As I pointed out before, the Founders were by and large not overly religious (with some exceptions like Lyman Hall and Reverend John Witherspoon, of course) and many may have wanted a secular state with no Christian identity. So what was our country founded on? Our country was not about equality of outcomes. It was never meant to be a melting pot. It represented a compromise that would enable different groups of people who very often were at odds with one another to band together based on common heritage and interests for mutual protection. It was not necessarily trying anything radically different; it simply created a new government to better provide the traditional rights to a people who traditionally had them. While that is a fantastic goal, like all revolutions, it also contains the seeds of its own destruction.
To have a country founded for the preservation of rights, safeguarding those rights must become a principal concern. For many people, this is not enough. They want more. This is almost certainly the case for people from outside who moved here because the system of laws and customs in America allowed the industrious to get ahead financially. After a while, the Cavalier mindset of profit and the New England desire to dominate people’s private lives “for their own good” became dominant because they inherently seek to expand and dominate while the yeoman farmer attitude popular elsewhere sought only to survive.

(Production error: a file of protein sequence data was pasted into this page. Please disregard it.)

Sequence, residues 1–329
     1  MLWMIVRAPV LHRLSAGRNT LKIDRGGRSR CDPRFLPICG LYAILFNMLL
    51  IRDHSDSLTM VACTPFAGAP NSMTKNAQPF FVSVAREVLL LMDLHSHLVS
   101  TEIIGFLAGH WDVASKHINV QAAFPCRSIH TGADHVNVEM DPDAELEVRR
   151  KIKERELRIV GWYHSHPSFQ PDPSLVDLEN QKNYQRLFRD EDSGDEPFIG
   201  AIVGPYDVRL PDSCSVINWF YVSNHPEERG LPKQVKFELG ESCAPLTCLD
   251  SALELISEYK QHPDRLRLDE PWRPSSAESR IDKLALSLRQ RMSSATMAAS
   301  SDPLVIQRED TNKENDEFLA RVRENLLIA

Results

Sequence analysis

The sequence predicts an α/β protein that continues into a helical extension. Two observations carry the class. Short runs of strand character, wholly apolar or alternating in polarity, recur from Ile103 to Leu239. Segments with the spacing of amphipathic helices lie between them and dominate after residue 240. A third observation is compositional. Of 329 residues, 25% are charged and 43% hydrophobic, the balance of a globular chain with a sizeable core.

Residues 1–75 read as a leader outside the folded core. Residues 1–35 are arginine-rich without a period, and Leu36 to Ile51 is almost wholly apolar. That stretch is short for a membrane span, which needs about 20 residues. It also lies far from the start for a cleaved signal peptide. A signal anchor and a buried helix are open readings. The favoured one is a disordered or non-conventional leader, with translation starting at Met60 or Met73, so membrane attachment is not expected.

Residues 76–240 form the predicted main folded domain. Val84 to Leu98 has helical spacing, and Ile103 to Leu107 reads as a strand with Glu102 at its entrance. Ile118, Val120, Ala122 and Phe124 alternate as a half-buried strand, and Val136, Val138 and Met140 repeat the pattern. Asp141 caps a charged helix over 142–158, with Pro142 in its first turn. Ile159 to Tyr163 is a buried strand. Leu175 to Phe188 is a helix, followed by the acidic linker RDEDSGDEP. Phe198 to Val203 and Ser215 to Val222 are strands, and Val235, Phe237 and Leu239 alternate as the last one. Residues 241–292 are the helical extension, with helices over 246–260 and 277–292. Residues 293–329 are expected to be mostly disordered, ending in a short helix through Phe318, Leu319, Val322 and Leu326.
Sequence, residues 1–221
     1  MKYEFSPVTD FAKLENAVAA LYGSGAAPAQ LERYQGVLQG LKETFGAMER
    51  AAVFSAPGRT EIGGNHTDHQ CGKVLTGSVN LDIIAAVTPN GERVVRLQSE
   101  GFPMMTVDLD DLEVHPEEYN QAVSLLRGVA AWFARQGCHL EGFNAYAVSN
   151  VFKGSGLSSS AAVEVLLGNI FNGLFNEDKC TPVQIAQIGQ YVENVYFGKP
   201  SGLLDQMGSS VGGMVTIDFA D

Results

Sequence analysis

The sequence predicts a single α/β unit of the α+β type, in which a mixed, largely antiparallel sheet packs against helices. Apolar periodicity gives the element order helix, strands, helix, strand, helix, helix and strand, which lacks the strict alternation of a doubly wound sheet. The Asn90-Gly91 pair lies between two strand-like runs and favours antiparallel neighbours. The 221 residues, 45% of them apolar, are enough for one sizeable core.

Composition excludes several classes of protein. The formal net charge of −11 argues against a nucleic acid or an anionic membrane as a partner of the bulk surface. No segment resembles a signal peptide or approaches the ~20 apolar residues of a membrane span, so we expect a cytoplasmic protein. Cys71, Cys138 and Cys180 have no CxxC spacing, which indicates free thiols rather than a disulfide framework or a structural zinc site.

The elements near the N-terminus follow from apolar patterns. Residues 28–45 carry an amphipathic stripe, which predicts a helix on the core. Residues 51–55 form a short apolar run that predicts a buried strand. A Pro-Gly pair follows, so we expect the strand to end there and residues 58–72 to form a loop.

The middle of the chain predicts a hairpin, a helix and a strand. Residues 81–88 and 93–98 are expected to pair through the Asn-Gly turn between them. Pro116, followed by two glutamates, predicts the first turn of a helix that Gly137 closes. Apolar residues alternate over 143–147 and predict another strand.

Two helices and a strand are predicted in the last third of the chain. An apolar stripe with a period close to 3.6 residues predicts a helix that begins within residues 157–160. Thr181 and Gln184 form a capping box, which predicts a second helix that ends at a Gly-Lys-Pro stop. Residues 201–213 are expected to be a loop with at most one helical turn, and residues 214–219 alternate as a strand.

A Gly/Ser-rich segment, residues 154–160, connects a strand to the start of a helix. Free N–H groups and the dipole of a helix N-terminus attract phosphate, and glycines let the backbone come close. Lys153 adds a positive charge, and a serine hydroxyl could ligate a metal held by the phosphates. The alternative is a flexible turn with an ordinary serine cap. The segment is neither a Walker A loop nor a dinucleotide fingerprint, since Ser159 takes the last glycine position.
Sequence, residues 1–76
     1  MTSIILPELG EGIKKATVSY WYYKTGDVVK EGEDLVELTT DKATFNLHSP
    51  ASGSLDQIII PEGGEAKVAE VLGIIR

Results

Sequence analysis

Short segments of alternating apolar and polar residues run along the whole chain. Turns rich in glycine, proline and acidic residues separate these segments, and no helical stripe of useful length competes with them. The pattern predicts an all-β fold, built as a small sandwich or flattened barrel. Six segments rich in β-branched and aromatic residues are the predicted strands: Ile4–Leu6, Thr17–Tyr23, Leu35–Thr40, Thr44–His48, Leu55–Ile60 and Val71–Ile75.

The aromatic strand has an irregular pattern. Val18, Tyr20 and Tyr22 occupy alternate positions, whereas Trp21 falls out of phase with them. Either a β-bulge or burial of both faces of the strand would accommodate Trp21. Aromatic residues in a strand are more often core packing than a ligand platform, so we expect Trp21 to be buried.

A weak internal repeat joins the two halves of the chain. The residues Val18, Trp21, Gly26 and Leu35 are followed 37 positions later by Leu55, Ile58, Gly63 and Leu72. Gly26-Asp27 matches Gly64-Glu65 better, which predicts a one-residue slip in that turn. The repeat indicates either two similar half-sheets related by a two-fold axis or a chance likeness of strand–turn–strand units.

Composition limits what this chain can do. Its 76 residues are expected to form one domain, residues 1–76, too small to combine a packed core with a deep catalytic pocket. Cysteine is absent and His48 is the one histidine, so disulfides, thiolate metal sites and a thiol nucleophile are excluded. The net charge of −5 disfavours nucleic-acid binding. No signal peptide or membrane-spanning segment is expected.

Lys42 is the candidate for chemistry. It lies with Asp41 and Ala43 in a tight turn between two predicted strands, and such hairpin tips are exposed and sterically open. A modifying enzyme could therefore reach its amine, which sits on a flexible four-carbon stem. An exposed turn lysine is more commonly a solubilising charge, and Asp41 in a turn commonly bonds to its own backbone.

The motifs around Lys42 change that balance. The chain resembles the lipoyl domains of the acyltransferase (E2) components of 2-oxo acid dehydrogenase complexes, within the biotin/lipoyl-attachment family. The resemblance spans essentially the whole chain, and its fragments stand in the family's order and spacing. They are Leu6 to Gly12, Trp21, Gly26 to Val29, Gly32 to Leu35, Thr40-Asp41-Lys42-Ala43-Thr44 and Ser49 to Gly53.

The result is quite the national personality disorder. Liberals like to claim they are following in the footsteps of the Founders. To some degree, they are. Neocons like to claim the same. They are right, too, but like the libtards, not completely. What about the rest of us? What about the Scots-Irish in Appalachia? Mid-Atlantic middle-class folk? Irish and German and Polish and Italian-descended people who have for generations spoken English and fought for this country? We have a claim to the Founders, too. We just have to be specific about which ones. The Civil War was largely an internecine struggle between competing Anglo-Saxon interests. The next one will largely be the same, although there is a great deal more being wagered, and the cost of losing, for us at least, is a lot higher.